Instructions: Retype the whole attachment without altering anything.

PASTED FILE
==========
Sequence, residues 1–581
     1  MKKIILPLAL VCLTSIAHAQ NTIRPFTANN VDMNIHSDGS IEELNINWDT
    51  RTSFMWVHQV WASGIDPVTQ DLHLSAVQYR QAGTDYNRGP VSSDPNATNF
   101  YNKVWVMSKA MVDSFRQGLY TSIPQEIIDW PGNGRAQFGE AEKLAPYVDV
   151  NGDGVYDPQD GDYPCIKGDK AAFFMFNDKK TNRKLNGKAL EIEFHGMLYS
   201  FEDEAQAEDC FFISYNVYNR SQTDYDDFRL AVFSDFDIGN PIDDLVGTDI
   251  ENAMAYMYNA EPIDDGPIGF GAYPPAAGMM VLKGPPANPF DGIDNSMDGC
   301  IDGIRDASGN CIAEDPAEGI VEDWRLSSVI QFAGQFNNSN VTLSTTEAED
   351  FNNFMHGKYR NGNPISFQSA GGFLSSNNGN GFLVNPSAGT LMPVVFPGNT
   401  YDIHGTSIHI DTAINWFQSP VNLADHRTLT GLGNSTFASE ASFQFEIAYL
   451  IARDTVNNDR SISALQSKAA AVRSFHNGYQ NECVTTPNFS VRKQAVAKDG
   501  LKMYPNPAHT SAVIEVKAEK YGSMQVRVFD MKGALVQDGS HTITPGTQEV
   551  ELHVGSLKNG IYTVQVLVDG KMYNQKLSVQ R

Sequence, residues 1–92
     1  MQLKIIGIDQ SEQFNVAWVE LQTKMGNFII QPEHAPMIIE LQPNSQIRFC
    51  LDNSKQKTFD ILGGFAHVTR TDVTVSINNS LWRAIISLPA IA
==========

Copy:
Sequence, residues 1–581
     1  MKKIILPLAL VCLTSIAHAQ NTIRPFTANN VDMNIHSDGS IEELNINWDT
    51  RTSFMWVHQV WASGIDPVTQ DLHLSAVQYR QAGTDYNRGP VSSDPNATNF
   101  YNKVWVMSKA MVDSFRQGLY TSIPQEIIDW PGNGRAQFGE AEKLAPYVDV
   151  NGDGVYDPQD GDYPCIKGDK AAFFMFNDKK TNRKLNGKAL EIEFHGMLYS
   201  FEDEAQAEDC FFISYNVYNR SQTDYDDFRL AVFSDFDIGN PIDDLVGTDI
   251  ENAMAYMYNA EPIDDGPIGF GAYPPAAGMM VLKGPPANPF DGIDNSMDGC
   301  IDGIRDASGN CIAEDPAEGI VEDWRLSSVI QFAGQFNNSN VTLSTTEAED
   351  FNNFMHGKYR NGNPISFQSA GGFLSSNNGN GFLVNPSAGT LMPVVFPGNT
   401  YDIHGTSIHI DTAINWFQSP VNLADHRTLT GLGNSTFASE ASFQFEIAYL
   451  IARDTVNNDR SISALQSKAA AVRSFHNGYQ NECVTTPNFS VRKQAVAKDG
   501  LKMYPNPAHT SAVIEVKAEK YGSMQVRVFD MKGALVQDGS HTITPGTQEV
   551  ELHVGSLKNG IYTVQVLVDG KMYNQKLSVQ R

Sequence, residues 1–92
     1  MQLKIIGIDQ SEQFNVAWVE LQTKMGNFII QPEHAPMIIE LQPNSQIRFC
    51  LDNSKQKTFD ILGGFAHVTR TDVTVSINNS LWRAIISLPA IA